The 2014 MLB season had its second soft opening of the year last night in San Diego (the first one, of course, was eight days earlier in Australia), where the Padres hosted the Dodgers. As you can see above, the Padres couldn’t be bothered to wear their home whites for their first game of the season and instead went G.I. Joe — shame on them.
A few other notes from the game:
• As you also see in the photo above, the Padres wore their Jerry Coleman memorial patch for the first time.
• The Dodgers wore their new alternate road grays (the ones with the team name on the front). They’ve now worn this design twice, without having worn their primary road grays (the ones with “Los Angeles” on the front).
• The Dodgers’ starting pitcher was Hyun-Jin Ryu (No. 99), and in the 8th inning he was relieved by Brian Wilson (No. 00). This isn’t the first time these two pitchers have set the mark for the biggest uni-numerical difference between two pitchers appearing consecutively in the same game, of course, and it won’t be the last, but it’s the kind of thing that somehow seems worth mentioning when it happens on Opening Day Night.
• There were lots of “Opening Night” graphics splashed around the stadium. MLB’s season-opening graphics package also includes logos for Opening Day, Opening Week, Opening Weekend, and Opening Series, so expect to see all of those over the next several days.
• The Dodgers have now managed to play three games before 27 of the other MLB teams have played even one. Seriously, after they got tapped to play those two games Down Under, was it really necessary to give them the Sunday-night opener as well? Let someone else play!
The real start of the season, of course, is today. I’ll be camped out in front of the TV at 1pm to watch the Mets/Nats game, and I hope you’ll get to see (or at least hear) your favorite team’s game too. Play ball!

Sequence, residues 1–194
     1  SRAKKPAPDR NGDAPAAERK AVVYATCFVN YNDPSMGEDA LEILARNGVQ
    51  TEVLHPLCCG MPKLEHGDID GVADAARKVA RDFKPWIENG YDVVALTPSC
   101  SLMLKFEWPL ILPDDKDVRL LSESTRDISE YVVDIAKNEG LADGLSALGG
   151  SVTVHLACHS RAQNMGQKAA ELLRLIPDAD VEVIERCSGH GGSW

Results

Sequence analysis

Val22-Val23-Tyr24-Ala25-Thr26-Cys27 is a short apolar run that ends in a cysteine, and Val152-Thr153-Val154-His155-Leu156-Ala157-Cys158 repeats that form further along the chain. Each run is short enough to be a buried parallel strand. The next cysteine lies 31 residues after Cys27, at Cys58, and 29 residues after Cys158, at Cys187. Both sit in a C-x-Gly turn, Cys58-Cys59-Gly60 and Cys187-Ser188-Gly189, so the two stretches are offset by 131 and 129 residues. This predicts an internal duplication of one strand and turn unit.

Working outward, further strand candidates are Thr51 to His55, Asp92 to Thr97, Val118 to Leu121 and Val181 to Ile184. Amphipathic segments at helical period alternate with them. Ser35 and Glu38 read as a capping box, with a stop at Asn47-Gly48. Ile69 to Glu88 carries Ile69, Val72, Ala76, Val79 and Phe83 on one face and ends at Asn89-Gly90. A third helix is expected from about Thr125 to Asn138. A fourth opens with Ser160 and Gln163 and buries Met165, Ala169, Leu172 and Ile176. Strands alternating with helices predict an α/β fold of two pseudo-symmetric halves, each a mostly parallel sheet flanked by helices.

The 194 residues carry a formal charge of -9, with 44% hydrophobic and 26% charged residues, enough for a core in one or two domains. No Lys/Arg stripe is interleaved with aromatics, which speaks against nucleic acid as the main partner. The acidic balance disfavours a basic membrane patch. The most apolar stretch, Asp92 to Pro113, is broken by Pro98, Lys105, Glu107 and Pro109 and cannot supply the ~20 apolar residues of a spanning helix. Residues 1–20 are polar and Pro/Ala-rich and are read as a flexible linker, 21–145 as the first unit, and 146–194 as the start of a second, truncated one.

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Unmasking the Commenters: I recently invited the site’s commenters to tell us a bit more about themselves and give us a peek at what they look like, just because I thought it would be fun to pull back the internet’s curtain of anonymity. I’ll keep showcasing you folks as long as you keep sending in your photos and quick bios.
One of the best things about “Unmasking the Commenters” is that I’ve been able to match up some people’s real names with their pseudonyms. For example, I knew we had a frequent commenter who calls himself Dumb Guy and a frequent Ticker contributor named Jon Solomonson, but I didn’t know they’re the same person. They are! And here he is (click to enlarge):
I just turned 50 last year but no, I haven’t made my colonoscopy appointment yet. I grew up in the DC area and am mostly an NFL fan and ’Skins fan, although I’m also a Cubs and MLB fan by osmosis (thanks to my Chicago-born dad). Not much for the hockey or the basketball. I am a proud graduate of James Madison University, which sports a wonderful purple-and-gold motif on its sports uniforms (sorry, Paul). Currently residing in Orlando, Florida, I am surrounded by lots of sports teams that are constantly changing uniform parts, so that is much to my liking.